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Social Media: It’s All Part of a Master Plan…or Is It?

Twitter presence…CHECK

Facebook Brand Page…CHECK

YouTube Channel…CHECK

Socialized Business Strategy…TBD

While showing up to the party represents a noteworthy effort, a bona fide social media strategy this checklist does not make. Creating presences, listening to conversations tied to keywords and superfluously responding to updates and questions creates a facade of engagement that is at best trivial. And, quite frankly, without a true investment of intention, attention and conviction (I.I.A.C.), we minimize the opportunity before us as well as the thoughts, emotions, and overall potential of our communities rich with would be advocates and influencers.

Much of my time these days is spent working with businesses to first deepen their understanding of social media and subsequently broaden their outlook for what’s possible. As a result, we flip the switch to a more sophisticated level of creativity, vision, and execution. So, when I stumbled across recent research that reported most businesses claim that they are operating with a genuine social media strategy, I was surprised and also unsurprised. Many executives and brand managers believe that once social media shifts from pilot programs to a dedicated function, regardless of goals, objectives, purpose, or capacity, it becomes strategic.

In June 2010, King Fish Media, HubSpot and Junta42 published an interesting report, “2010 Social Media Usage Attitudes and Measurability: What do Marketers Think?”

According to the results, 72% of businesses claim to operate under a banner of social media strategy. 27% stated that they did not possess an official strategy. The trio surveyed 457 US marketers and managers, with 52% of the respondents representing the publishing, media, advertising, and marketing industries.

Companies with a Social Media Strategy, June 2010

While these numbers indicate maturation and comprehension, I question the definition of “social media strategy.”

To the contrary, a May 2010 study by Digital Brand Expressions found that 52% of social marketers are running social media programs without a defined “game plan.” This finding was in line with an April report by R2Integrated that documented one-half of marketers were reacting to social rather than leading it.

The study also found that a majority of the businesses polled planned to increase their social media investment over the next 12 months.

Companies that Plan to Increase their Social Media Investment in the Next 12 Months

Defining Social Media Strategy

Social media are measured by the sum of its parts. In general, many strategies I’ve reviewed are designed to generate visibility. Social services such as Twitter, Facebook, Tumblr, et al., represent syndication channels to push content. Listening tools are then used to measure activity, responses, reach, and sentiment. In addition, the activity that fills the columns of a brand, community or social media manager’s “brand dashboard” triggers responses, conversations and engagement that do not contribute to overall business performance metrics or missions. I believe, there are differences between visibility and presence. In social media, presence is felt. Presence is driven by a strategy and architecture designed to inspire impressions, evoke guided responses and drive desired outcomes. This affects brand and go to market strategies as well as brand promises.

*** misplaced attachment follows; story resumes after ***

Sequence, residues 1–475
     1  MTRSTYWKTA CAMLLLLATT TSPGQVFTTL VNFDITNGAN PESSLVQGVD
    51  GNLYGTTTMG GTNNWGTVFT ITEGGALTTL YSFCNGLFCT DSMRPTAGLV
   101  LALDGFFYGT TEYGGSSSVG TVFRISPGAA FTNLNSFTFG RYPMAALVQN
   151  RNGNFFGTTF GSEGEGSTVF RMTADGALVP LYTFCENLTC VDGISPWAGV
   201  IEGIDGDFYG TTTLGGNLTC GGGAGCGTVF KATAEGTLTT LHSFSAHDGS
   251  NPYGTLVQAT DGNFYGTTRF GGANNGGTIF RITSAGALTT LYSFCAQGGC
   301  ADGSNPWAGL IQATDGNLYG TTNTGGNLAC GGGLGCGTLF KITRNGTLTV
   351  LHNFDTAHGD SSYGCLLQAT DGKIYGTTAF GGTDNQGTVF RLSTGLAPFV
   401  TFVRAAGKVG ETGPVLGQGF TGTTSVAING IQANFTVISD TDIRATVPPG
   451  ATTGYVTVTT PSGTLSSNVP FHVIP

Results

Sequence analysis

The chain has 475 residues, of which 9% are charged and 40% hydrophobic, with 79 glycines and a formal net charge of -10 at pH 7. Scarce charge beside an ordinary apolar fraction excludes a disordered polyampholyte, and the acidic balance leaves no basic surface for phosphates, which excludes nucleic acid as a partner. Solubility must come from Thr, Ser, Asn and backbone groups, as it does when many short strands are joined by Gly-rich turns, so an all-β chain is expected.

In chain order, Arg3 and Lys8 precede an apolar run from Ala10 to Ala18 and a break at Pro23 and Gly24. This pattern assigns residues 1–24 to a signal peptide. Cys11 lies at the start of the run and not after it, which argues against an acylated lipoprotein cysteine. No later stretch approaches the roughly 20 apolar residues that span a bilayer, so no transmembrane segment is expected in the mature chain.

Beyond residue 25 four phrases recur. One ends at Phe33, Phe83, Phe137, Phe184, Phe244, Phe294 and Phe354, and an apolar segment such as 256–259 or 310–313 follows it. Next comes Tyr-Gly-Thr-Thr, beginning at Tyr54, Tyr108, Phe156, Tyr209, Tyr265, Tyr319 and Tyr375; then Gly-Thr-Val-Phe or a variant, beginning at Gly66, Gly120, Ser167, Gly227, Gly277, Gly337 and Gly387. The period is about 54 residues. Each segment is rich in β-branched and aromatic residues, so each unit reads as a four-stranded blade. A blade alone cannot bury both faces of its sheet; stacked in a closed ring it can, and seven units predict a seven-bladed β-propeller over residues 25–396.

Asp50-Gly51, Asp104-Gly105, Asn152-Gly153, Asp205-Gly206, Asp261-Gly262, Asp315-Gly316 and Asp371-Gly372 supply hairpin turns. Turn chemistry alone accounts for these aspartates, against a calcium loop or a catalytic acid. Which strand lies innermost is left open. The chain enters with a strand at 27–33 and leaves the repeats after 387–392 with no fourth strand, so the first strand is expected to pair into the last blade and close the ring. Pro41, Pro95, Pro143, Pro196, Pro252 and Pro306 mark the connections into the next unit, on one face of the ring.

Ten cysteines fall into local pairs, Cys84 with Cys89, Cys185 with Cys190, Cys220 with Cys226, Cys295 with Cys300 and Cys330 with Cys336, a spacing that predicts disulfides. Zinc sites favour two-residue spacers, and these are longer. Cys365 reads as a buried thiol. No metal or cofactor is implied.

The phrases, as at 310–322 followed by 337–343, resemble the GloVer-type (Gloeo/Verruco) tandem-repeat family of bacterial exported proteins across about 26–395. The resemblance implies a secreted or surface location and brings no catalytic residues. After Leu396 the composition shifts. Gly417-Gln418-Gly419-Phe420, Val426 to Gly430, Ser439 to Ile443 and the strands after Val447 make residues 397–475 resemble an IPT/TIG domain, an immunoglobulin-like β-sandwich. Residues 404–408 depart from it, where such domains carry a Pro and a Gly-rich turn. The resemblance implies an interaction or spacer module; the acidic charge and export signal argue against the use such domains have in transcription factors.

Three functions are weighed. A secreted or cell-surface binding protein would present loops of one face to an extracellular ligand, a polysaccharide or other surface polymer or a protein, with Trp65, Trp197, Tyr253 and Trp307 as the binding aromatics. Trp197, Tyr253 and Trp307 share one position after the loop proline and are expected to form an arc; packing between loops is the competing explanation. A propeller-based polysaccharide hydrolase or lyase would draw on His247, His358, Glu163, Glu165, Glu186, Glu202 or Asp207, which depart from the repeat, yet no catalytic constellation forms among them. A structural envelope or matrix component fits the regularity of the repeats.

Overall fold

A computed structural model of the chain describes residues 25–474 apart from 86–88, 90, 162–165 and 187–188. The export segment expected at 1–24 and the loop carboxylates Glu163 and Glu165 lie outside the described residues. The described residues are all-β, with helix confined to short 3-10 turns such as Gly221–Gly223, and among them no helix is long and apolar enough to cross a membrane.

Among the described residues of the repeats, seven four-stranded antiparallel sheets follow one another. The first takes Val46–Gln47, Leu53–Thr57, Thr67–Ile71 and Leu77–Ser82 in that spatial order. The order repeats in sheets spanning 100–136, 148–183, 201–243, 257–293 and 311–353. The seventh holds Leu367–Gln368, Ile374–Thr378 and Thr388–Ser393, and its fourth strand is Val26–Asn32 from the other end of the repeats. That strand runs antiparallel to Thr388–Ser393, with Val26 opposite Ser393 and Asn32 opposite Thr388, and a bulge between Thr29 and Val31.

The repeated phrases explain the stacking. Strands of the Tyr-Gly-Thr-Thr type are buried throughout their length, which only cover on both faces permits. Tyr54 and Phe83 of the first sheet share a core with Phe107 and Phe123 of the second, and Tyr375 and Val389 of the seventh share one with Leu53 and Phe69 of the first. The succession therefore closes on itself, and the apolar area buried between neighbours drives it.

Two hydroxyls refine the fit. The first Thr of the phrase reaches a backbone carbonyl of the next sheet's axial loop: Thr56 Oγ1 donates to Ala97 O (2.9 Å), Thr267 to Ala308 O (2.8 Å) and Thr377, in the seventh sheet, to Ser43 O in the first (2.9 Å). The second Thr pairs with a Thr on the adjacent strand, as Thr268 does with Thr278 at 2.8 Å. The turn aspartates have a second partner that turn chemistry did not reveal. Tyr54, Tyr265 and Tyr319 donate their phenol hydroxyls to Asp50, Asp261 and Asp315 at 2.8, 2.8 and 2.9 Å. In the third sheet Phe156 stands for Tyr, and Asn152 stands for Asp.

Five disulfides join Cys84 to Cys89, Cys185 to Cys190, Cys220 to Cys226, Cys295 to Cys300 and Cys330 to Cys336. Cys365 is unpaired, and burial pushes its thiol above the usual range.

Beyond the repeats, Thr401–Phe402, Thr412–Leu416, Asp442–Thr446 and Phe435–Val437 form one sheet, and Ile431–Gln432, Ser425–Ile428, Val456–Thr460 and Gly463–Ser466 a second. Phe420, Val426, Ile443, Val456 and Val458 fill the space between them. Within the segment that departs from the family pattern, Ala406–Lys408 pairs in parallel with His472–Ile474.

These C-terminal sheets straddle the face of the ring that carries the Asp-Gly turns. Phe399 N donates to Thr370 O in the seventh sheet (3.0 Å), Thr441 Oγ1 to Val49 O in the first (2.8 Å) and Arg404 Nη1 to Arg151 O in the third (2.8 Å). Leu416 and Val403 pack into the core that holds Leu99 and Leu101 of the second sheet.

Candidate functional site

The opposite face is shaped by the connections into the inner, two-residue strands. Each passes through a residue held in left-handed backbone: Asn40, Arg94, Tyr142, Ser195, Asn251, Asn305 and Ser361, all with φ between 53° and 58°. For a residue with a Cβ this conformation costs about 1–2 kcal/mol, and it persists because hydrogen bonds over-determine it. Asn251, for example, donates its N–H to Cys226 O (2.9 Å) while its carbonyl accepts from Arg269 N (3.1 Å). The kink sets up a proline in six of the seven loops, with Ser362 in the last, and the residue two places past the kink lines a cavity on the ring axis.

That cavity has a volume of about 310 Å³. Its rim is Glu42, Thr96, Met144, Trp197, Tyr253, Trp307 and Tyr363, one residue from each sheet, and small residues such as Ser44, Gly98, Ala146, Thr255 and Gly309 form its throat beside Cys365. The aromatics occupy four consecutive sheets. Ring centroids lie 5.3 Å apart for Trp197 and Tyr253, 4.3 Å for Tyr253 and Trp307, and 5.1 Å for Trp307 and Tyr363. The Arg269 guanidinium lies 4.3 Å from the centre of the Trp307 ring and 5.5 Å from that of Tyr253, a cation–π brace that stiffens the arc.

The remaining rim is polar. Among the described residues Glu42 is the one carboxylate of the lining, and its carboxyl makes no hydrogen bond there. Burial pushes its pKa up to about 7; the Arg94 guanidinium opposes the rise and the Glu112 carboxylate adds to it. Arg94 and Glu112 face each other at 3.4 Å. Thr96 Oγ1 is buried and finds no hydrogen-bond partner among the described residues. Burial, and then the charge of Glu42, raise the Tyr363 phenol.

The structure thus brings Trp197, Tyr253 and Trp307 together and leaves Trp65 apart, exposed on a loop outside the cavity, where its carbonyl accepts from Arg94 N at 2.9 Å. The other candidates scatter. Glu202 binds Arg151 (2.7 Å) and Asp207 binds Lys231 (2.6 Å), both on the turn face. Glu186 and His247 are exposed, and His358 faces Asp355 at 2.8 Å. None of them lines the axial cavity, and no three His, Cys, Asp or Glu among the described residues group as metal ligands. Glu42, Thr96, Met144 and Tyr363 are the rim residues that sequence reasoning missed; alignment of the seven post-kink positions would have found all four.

Consumers, or let’s just say people, are learning how to navigate social networks more than we may think or credit. They are defining and personalizing their experiences based on who they connect with, what they consume, share, and discover, and in turn, what they publish. Simply earning a response, “like,” RT, comment, or the coveted follow, does not equate to anything more than a moment in time. Friends, Fans, Followers (The 3Fs) are neither KPIs or metrics worthy of establishing or measuring a social media strategy.

Social media is bigger than any one departmen. A true 360 approach will eventually socialize and transform organizations, processes, and platforms from inside-out to now also include outside-in perspectives and all that it inspires.

Product Development (R&D)
HR/Employee Relations

We have much work ahead of us and together we will lead social media from the confiinments of corporate silos and weave it into the very fabric of the brand and organization.

The socialization of business is a sophisticated framework of reimagined philosophies, business processes, supporting technologies, each enlivened by the cast of characters who faithfully portray the brand and its personal characteristics.

Social Media programs are not rewarded with participation ribbons simply for their existence. Recognition, response, and trust are the rewards for the investment of ongoing, thoughtful, and personalized listening (really listening, not monitoring) and engagement.  Programs and actions rooted in empowerment galvanize advocacy and loyalty. And, strategies built with processes that feed into decision making cycles that lead companies to innovate and adapt through outside-in learning ensure relevance and contribute to legacy.